At its Jan. 25 council meeting, the Culver City council received a presentation on a possible public bank in Los Angeles. While the concept has not been set in stone, Vice Mayor Daniel Lee was intrigued by Culver City’s potential participation in a public bank. The group that gave the presentation was aptly titled ‘Public Bank LA’
Public banks are banks that are owned by a municipality or group of municipalities, and follow different guidelines than traditional private banks.
The main benefit to participating in a public bank is having more agency over the city’s funds. This idea particularly translates through the transparency of funds and the efficiency of money services.
For the first point, because banks are mutual benefit corporations that do not have public stocks and are entirely controlled by the municipality.
Private banks invest surplus funds into projects you have no control over, and these projects may be against the city’s principles.
For things like bond placements, debt services, interest, etc., municipalities have been notoriously overcharged through miscellaneous fees.
In a recent bond purchase made by the city, over $200,000 of fees were incurred on a bond of about $1.9 million.
Additionally, public banks stand out from credit unions in that they are able to participate in large scale programs ran by the Federal Reserve, giving Culver City a voice at the table in spite of its small size.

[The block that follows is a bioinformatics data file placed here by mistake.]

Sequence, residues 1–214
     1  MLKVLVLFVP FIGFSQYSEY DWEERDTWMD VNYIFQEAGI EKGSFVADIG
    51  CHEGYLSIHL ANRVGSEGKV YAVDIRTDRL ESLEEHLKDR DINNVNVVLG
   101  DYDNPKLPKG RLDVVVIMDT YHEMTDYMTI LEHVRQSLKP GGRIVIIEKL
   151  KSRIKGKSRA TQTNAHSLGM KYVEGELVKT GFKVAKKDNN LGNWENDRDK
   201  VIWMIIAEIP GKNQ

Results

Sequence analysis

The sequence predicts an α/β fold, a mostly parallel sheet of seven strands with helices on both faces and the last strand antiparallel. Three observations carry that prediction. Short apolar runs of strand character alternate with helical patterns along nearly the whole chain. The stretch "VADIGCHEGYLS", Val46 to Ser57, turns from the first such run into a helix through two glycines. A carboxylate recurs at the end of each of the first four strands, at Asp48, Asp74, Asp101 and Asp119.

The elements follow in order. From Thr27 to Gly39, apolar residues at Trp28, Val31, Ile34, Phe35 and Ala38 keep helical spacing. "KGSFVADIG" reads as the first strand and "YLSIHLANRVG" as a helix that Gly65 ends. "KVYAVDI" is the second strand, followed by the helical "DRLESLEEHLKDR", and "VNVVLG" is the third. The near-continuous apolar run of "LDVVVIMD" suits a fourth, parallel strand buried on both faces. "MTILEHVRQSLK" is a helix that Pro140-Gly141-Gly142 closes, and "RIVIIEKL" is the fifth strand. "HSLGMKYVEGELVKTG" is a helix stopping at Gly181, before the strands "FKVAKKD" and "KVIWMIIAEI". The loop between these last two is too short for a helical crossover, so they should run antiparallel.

This point has become more prevalent in the age of COVID-19, where the distribution of relief funds and stimulus checks to both citizens and businesses has hit their fair share of bumps in the road.
However, one state that has found resounding success in that process has been North Dakota. The reason? Well, it just so happens that North Dakota has their own public bank, giving the state more control and allowing them to distribute fund efficiently.
Having a public bank also famously got North Dakota through the 2008 credit crisis with far less damage than surrounding areas.
Of course, there are risks that are assumed with opening a public bank. The main obstacle that generally stands in the way of a successful public bank are operational costs.
On top of overall operation costs needing to be covered by the owners of the banks, fees are required to maintain compliance with state and federal law.
Assembly Bill 849, signed into law by the Governor in Oct. 2019, details the specific guidelines required to be followed to open and maintain a public bank.
While this bill sets regulatory guidelines, it also has provisions meant to curb the risks in opening a public bank. The presenting group suggested that an analysis of costs be done before leaping into the process.
Following the presentation, vice mayor Daniel Lee inquired about whether or not a large partner had been secured for the bank, to which the group responded that Request for Proposals (RFPs) would be going out in the summer.